To begin with, they were offering defiled sacrifices on the altar. The animals God required them to sacrifice should have been perfect; and nothing imperfect should have ever been brought to be sacrificed on the altar. God would never accept it! And there’s a good reason for that. Most people think that God should accept whatever they bring before the Lord, like Cain did! But in truth, all the sacrifices pointed to the “Lamb of God” who one day would be sacrificed for the sins of the world. (John 1:29; Hebrews 10:1-14) If the sacrifices they were giving were not perfect, how would they ever be able to represent and reflect Jesus, the “Lamb of God” who is the Perfect Sacrifice? They wouldn’t! In fact every imperfect sacrifice would actually dishonor the very holiness and purpose of the altar which symbolized God’s grace of forgiveness and his reconciliation with his sinful people. But the priests were letting the people bring God imperfect sacrifices. They were letting them bring less than the best of what they had. And Malachi is right to challenge them! What if they gave these defective sacrifices to their governor! Would he accept them? No! How then is it that they thought these defective sacrifices would be good enough for the Lord? What does this say of professing Christians who spend themselves and their monies on personal gifts, but who offer God their worthless leftovers!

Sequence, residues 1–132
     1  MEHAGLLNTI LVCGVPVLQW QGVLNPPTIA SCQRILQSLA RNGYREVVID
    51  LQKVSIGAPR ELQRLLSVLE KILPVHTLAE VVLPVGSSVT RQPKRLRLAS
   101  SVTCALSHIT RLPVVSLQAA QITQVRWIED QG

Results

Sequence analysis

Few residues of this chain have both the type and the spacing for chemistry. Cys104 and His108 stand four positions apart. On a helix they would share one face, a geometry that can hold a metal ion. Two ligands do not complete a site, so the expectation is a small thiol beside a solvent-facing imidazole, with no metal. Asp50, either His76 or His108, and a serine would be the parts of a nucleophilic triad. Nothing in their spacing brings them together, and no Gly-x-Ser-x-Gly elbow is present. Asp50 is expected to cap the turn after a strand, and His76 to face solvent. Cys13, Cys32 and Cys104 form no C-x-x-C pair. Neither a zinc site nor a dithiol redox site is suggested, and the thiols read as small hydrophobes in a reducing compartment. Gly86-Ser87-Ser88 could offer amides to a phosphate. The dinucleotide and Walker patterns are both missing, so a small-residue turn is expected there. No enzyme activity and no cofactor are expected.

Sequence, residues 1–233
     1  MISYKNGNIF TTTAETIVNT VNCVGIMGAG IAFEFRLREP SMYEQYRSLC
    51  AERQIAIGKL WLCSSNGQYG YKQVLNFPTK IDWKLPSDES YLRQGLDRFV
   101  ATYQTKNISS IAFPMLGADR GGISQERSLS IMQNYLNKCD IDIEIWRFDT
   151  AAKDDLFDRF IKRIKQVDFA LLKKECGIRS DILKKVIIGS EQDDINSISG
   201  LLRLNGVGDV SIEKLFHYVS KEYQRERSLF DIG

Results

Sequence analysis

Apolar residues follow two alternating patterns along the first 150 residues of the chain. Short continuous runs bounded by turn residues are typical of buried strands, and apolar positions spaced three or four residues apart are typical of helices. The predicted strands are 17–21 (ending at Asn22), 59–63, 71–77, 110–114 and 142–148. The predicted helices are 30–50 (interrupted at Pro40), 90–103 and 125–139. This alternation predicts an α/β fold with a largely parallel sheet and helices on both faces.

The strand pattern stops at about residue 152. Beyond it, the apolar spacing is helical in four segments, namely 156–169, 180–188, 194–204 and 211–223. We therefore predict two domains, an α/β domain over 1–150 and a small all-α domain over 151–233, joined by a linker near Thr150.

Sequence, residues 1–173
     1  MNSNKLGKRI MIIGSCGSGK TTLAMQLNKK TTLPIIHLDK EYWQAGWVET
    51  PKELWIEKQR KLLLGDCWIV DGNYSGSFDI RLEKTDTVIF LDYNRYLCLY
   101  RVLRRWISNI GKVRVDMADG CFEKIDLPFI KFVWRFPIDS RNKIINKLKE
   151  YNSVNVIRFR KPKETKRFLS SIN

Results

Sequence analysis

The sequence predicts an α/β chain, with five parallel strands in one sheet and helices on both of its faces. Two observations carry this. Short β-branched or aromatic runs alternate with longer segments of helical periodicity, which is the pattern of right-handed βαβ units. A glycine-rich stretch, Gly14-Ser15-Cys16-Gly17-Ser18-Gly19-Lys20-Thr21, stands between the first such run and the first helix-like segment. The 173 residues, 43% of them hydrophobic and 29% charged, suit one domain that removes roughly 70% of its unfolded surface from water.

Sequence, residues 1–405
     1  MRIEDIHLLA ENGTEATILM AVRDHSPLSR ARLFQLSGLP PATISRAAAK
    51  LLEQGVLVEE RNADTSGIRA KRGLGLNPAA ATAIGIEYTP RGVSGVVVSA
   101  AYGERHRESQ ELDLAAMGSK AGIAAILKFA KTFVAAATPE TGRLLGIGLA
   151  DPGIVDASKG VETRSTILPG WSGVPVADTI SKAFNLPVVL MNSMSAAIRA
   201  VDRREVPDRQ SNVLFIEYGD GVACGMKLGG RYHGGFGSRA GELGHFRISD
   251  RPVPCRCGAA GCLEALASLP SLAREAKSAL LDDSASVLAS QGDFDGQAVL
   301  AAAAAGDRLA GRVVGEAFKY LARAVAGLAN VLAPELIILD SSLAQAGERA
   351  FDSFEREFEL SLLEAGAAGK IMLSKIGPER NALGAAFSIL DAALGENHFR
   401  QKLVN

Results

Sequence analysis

Even though our sacrifices to the Lord are at times not all material in nature, but sacrifices of time, of effort, or abilities or such, they are sacrifices nonetheless! Usually our offerings to God show what’s in our hearts. And what we give God shows how much he’s worth to us. What we offer shows how we value God. These people were offering God crippled, blind and diseased animals. (8) These were worthless on the market. No one would buy them nor could they sell them. That was what they were bringing to the holy God, their King. Those who love God value God more than anything else in the world, more than their lives, especially more than their possessions. They gladly give him their best of everything. And sometimes, even in their poverty, they give more acceptable gifts to God than all that others in their riches give. One who values God usually gives God his or her best. Once the Lord was seated watching as the rich gave large sums of money to the temple treasury. (Mark 12:41-44) Then a widow also came and gave two small coins. Jesus said that she had given more than all of their offerings put together, because these two small coins were all she had to live on. You see, to the others, even large sums of money were a worthless offering because it didn’t affect their lives in any way. They gave from what they had and could afford. But for this widow it was a matter of life or death. She gave from what she did not have. Her offering was like fragrance to God because it pained her to give. She valued and put God ahead of her own life. Then there was a Mary who poured out her alabaster jar of perfume on Jesus’ feet and wiped his feet with her hair. (Mark 14:3) This alabaster jar of perfume may have been her dowry, or her life savings, or her future life security. Her offering and sacrifice were painful. But she didn’t count the cost!. Why? Because she valued Jesus and his grace! Jesus was worth to her more than her life savings, more than her dowry and marriage, even more than her future life security. She loved the Lord, and expressed it in what she gave him.